Mosby's Rangers (Collector's Library of the Civil War) reprinted January, 1983
byJames Joseph Williamson (Author)

Four Years in the Saddle: 1861~1865 (Abridged, Annotated)Paperback – November 11, 2016
by Author Harry Gilmor (Author)

Campaigning with Grant (Collector's Library of the Civil War) Leather Bound – 1985
By General Horace Porter (Author)

If you wish to know the infighting, politics, profiteering and self-sabotaging by the leaders and business folks and selling access to spys in Richmond I suggest reading:

- A Rebel War Clerk's Diary-Vol I Hardcover – January 1, 1982 By John B. Jones (Author)

- A Rebel War Clerk's Diary at the Confederate States Capital: Vol 2 (Collector's Library of the Civil War) Hardcover – January, 1983 by John B. Jones (Author)

For even further background on why some people make parallels to the Revolutionary War,

I humbly suggest reading the book, “1775: A Good Year for Revolution”, 1st (first) Edition by Phillips, Kevin [2012]
https://www.amazon.com/dp/B00BXUCBG2/?tag=civilwartalkc-20

Another good book on the Revolutionary Was is:

A Narrative of a Revolutionary Soldier: Some Adventures, Dangers, and Sufferings of Joseph Plumb Martin (Signet Classics) Mass Market Paperback – June 1, 2010
by Joseph Plumb Martin (Author), Thomas Fleming (Introduction), William Chad Stanley (Afterword)

Light-Horse Harry Lee: The Rise and Fall of a Revolutionary Hero - The Tragic Life of Robert E. Lee's Father by Ryan Cole | Jan 15, 2019
Sam Watkins' CO. Aytch is, in my opinion, the best :smile:
 

Joshism

2nd Lieutenant
Joined
Apr 30, 2012
Location
Jupiter, FL
Even if it's not someone's personal favorite, For Cause and Comrades should be in everyone's top five list for better understanding the overall American Civil War. There are memoirs and other books of greater depth, but as a broad study it can't be beat.

It was assigned reading for a Military History class I took two decades ago and a Civil War class I took a decade ago, both with good reason.

That said, I actually didn't much care for it the first time around. I "got it" much better the second go round.
 

Bruce Vail

1st Lieutenant
Joined
Jul 8, 2015
It seems that you were unaware that McPherson is widely recognized as one of the best Civil War historians ever.

He has authored many excellent books. I don't follow the year-to-year statistics, but McPherson's Battle Cry of Freedom has often been the most popular text for college and university courses on Civil War-era history. He has dominated a whole generation of thinking about the War.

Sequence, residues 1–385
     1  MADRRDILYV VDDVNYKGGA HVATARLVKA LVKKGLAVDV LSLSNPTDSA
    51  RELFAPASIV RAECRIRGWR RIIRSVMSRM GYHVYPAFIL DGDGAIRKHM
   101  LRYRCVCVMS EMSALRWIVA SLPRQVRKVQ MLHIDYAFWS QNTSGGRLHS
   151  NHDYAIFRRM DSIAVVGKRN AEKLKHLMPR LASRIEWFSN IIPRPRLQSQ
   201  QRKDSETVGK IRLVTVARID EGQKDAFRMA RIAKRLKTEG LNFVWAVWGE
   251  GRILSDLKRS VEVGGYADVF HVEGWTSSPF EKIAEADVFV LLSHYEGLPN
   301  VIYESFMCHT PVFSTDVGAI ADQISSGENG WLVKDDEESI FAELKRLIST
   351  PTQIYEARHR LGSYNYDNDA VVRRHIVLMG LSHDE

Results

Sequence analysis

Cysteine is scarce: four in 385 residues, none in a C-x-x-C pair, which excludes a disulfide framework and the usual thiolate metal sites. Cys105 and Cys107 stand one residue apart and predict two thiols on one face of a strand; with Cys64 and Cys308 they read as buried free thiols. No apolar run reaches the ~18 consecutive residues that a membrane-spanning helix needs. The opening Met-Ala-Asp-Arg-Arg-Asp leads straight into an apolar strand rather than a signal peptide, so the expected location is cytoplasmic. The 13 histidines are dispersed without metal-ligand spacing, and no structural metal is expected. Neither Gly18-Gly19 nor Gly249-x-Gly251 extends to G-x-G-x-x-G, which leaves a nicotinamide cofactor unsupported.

Last edited:

rpkennedy

Lt. Colonel
Member of the Year
Joined
May 18, 2011
Location
Carlisle, PA
It seems that you were unaware that McPherson is widely recognized as one of the best Civil War historians ever.

He has authored many excellent books. I don't follow the year-to-year statistics, but McPherson's Battle Cry of Freedom has often been the most popular text for college and university courses on Civil War-era history. He has dominated a whole generation of thinking about the War.
It's probably the best one-volume book on the war as a whole.

Ryan
 

Joshism

2nd Lieutenant
Joined
Apr 30, 2012
Location
Jupiter, FL
Rereading my Goodreads review, one point about this book in particular stands out: the American Civil War was pre-cynicism.

Americans, North and South, mostly viewed the conflict with as much, perhaps more, sincere interest that Americans did WW2.

For everyone alive today, the events of the 1960s permanently altered society's perception of our wars and our government. We have trouble understanding the motivations of those in the 1860s because we can no longer see the world way they did.
 

Paul Yancey

Corporal
Joined
Jan 13, 2019
Location
Kentucky
Just finished reading this book. Provides good insight into the motivations that compelled men to fight and the factors that sustained them through the many hardships they endured. Patriotism, honor, and a sense of duty ranked high on both sides. Highly recommend.
 

Bruce Vail

1st Lieutenant
Joined
Jul 8, 2015
What does McPherson have to say about coercion as a reason that men fought the Civil War? I'm curious because it is my pet theory that coercion was a more important factor than most historians credit.
 

Similar threads

Top